In the five years since the 9/11 Commission released its studious but timid report, Americans of all political stripes have advocated for a new investigation into the attacks of September 11, 2001. Since Obama seems intent upon putatively pardoning the Bush Administration for all of its crimes and misdemenors, there is virtually no hope of such an investigation taking place at the federal level.
An organization called the New York City Coalition for Accountability Now (NYC CAN), which describes itself as “a group comprising 9/11 family members, first responders, and survivors,” has been gathering signatures to place a referendum for a new 9/11 investigation on the November ballot in New York City. The effort passed one hurdle this week, as city lawyers conceded that the group had submitted the 30,000 valid signatures necessary for such a ballot measure. But New York City has a long history of blocking ballot initiatives on the grounds of legal technicalities. In addition, the measure demands that certain specific people be appointed commissioners, and these include a fair number of pretty far-out conspiracists, as well as some more mainstream members—a fact that will undoubtedly put off some would-be supporters.
But believing that such an investigation is necessary and vital doesn’t require a subscription to any particular conspiracy theory about the attacks. In my 2006 book The Five Unanswered Questions About 9/11: What the 9/11 Commission Report Failed to Tell Us, I focused on straightforward, even obvious questions: Why was the airline industry, with its army of well-connected lobbyists, permitted to resist safety regulations that could have saved lives? How did our foreign policy, and “allies” like Saudi Arabia and Pakistan, help pave the way for the attacks? Why did a politically driven, Iraq-obsessed administration ignore repeated warnings of the coming danger? Who was in charge as the attacks unfolded?
Some of these questions ought to practically answer themselves. Yet in its 664-page report, the 9/11 Commission managed not to answer them—in many cases, by the simple means of not asking them in the first place. The Commissioners themselves announced their limited intentions in the report’s opening pages, where they wrote: “Our aim has not been to assign individual blame. Our aim has been to provided the fullest possible accounting of the events surrounding 9/11 and to identify lessons learned.” The contradiction inherent in these stated aims is obvious: without “blame,” there can be no true accountability, and without accountability, there is nothing to ensure that the “lessons” of 9/11 will be “learned.”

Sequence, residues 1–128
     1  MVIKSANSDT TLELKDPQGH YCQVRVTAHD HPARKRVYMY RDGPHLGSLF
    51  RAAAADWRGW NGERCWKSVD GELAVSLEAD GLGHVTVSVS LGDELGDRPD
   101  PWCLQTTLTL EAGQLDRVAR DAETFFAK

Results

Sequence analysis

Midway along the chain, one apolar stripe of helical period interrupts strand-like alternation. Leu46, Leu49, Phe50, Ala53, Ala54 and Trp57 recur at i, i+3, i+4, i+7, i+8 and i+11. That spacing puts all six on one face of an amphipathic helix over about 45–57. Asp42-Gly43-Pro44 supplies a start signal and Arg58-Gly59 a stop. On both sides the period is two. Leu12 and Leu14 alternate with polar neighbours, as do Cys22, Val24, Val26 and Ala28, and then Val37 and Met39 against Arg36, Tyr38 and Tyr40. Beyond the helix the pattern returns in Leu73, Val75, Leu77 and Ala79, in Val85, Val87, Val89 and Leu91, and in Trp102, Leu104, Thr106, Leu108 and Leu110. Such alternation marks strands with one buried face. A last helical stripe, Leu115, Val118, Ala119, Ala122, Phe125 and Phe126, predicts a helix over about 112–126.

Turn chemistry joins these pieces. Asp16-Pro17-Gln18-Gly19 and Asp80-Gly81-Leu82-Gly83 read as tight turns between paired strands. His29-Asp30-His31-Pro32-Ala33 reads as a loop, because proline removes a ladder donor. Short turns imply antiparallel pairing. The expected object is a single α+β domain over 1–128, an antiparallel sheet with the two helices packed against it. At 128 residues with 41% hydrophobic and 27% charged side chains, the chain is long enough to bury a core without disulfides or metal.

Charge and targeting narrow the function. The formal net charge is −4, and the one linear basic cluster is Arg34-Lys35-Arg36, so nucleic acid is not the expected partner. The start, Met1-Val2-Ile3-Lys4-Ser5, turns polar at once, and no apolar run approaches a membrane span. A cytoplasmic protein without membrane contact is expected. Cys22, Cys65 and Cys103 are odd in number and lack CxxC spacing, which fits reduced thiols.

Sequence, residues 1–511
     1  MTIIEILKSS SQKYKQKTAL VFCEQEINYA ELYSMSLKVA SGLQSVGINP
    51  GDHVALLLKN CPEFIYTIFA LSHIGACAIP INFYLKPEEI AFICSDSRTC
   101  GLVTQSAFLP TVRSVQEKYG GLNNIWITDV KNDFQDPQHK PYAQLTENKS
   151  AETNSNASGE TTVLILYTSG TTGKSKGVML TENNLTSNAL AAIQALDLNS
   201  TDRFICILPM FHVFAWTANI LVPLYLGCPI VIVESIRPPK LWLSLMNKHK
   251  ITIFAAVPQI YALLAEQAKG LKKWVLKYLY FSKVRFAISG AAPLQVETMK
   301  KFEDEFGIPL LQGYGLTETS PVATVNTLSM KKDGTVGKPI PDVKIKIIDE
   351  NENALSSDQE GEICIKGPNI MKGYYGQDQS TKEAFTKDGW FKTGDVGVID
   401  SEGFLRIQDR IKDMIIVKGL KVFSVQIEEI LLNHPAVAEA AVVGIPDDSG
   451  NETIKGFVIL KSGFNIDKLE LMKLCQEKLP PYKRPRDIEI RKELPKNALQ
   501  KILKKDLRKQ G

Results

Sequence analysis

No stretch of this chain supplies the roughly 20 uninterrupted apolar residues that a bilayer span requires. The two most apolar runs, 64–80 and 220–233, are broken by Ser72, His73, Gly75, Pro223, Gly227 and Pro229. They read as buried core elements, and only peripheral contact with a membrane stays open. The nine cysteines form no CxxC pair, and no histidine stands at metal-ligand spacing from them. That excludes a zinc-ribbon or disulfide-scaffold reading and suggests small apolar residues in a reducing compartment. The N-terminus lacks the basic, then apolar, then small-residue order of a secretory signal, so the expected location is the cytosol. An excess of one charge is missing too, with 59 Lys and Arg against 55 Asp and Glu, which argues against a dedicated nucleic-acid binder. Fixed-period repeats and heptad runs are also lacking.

In a just-released book called Ground Truth, John Farmer, senior counsel to the 9/11 Commission and now dean of Rutgers Law School, declares that at an early stage in its investigation, the Commission
discovered that what had occurred that morning — that is, what government and military officials had told Congress, the Commission, the media, and the public about who knew what when — was almost entirely, and inexplicably, untrue….At some level of the government, at some point in time … there was a decision not to tell the truth about what happened.
It should come as no surprise that the 9/11 Commission Report reflects these limitations. As I wrote in the conclusion to my own book, when it comes to the September 11 attacks and the lies and obfuscations that followed:
It is not necessary to search for hidden conspiracies, because the conspiracy is right in front of us and all around us, and the conspirators are running the country. Those in power in government and business share a tacit agreement that the system must be preserved at all costs, and institutions such as the 9/11 Commission, by their very existence, sign on to this agreement. Political power must be preserved. Economic and business interests must be protected. Allies who serve us by providing the United States with valuable resources like oil or with strategic positions in the world balance of power must be guarded. These things must be done at all costs, even if it means leaving unanswered questions about a catastrophic attack on the level 9/11, and even if it means leaving the American people vulnerable to another such attack in the future….
Yet, realistic as we are about the intractable power of the “system,” the idea remains that this time, things should have been different. Something as enormous as the 9/11 attacks should demand accountability from those who allowed it to happen. On the morning of September 11, thousands of Americans went to work in the World Trade Center and the Pentagon, in police stations and firehouses. Hundreds more boarded planes and began their quotidian journeys. Surely even the most skeptical among them must on some level have assumed that their government would protect them from the kind of attack that took place that day. And surely even the most cynical among us must believe that a betrayal of such magnitude should carry consequences. Without consequences, there is no justice for the dead, and no safety for the living. Why has no one been held accountable? This is the last unanswered question about 9/11.